Was Christianity a Means of Deafricanization and Social Control of Slaves?

Author: Adefila, Johnson
Year:2011
Pages:188
ISBN:0-7734-3955-2
978-0-7734-3955-9
Price:159.95

Nominated for the Gilder Lehrman Center Frederick Douglas Book Prize
A comparative study on the impact of Christianity on both free and enslaved blacks in Africa and the United States. Adefila, focuses on the efforts of Christian missionaries and slave owners to de-Africanize and control the West African slaves and non-slaves with Christianity. Rather than examining how Africans acculturated or appropriated parts of Christianity, Adefila challenges the ‘closed system thesis,’ which stipulates that slavery was a totalitarian cultural institution and instead emphasizes the Africans’ responses to the use of Christianity as a means of control.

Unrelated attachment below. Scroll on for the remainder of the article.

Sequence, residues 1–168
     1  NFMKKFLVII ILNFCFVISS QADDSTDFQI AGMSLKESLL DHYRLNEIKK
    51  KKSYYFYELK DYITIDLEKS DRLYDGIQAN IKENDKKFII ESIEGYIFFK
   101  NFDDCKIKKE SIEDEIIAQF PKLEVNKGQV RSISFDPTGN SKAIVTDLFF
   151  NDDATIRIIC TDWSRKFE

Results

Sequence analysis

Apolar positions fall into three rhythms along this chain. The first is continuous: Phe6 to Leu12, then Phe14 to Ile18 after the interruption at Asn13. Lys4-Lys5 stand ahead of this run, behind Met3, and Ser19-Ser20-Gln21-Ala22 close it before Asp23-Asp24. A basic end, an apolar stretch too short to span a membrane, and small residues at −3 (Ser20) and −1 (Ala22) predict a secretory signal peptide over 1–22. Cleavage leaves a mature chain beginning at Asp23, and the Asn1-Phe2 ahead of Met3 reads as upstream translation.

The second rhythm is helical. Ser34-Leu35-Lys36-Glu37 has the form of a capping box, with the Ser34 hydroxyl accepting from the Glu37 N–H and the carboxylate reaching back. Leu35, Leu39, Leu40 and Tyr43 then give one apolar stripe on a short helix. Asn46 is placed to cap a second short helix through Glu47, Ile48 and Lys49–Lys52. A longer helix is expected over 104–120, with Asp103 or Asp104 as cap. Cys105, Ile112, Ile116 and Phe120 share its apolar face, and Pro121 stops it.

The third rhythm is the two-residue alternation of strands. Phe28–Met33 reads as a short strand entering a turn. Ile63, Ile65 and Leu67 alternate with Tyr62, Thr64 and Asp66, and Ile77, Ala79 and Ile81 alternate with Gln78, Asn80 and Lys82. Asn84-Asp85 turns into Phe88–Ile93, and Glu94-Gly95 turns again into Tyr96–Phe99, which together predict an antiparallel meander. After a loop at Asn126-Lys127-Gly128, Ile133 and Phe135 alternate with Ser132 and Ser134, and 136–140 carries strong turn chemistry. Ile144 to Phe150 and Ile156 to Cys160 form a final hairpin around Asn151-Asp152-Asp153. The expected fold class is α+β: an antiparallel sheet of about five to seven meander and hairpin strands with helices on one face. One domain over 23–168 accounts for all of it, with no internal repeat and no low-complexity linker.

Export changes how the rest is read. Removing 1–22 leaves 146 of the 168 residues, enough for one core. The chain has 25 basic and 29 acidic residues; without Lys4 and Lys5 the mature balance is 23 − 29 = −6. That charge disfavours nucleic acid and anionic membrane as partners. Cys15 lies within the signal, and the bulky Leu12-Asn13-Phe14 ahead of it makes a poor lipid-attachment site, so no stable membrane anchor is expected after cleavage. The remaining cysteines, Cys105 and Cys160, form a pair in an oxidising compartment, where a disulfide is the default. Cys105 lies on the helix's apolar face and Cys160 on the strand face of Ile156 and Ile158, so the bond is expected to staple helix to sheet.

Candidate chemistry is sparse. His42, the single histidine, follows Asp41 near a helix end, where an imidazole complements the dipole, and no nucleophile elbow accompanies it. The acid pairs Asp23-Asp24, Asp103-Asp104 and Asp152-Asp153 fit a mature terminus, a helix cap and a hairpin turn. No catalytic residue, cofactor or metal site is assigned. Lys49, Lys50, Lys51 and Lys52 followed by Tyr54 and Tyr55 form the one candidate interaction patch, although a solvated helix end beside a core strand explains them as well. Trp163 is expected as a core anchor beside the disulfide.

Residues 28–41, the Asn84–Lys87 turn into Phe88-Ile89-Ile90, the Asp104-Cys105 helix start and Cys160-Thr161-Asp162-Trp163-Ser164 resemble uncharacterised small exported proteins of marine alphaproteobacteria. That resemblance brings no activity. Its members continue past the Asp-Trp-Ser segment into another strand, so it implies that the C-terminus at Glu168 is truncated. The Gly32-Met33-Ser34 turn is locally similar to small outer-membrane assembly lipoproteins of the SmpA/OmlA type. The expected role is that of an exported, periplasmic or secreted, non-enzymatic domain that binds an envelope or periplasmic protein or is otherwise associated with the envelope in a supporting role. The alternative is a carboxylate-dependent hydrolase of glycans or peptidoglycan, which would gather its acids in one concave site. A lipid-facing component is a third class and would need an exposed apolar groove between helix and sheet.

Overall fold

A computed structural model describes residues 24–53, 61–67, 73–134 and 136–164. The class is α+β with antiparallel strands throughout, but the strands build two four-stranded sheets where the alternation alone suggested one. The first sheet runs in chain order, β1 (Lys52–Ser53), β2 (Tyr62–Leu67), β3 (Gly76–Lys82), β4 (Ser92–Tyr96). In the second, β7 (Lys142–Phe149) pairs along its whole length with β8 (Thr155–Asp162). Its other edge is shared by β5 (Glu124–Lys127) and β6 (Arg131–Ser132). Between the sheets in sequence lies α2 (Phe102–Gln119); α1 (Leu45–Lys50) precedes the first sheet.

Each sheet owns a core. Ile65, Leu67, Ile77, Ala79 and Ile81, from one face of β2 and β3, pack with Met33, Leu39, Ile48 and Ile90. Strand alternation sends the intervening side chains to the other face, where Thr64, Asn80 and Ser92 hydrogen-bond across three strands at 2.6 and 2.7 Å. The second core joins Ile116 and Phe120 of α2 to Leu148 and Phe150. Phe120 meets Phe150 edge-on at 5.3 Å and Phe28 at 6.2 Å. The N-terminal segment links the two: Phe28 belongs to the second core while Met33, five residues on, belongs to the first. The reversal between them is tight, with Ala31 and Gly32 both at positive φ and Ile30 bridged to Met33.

Reviews

“… a profoundly useful contribution.” – Prof. Rupe Simms North Park University

“… a master job of weaving together historical documents.” – Prof. Charles C. Jackson Augusta State University

Table of Contents

ACKNOWLEDGEMENTS

LIST OF TABLES

PREFACE by Rupe Simms

INTRODUCTION

THE WEST AFRICAN BACKGROUND

CHRISTIANITY AND RELIGIOUS ACCULTURATION IN WEST AFRICA

AFRICANISMS IN SLAVE RELIGION: THE ROLE OF THE “CONJURE-MAN”

CHRISTIAN EVANGELIZATION AND THE SLAVES’ RESPONSE

CONCLUSION

BIBLIOGRAPHY

NAME INDEX

SUBJECT INDEX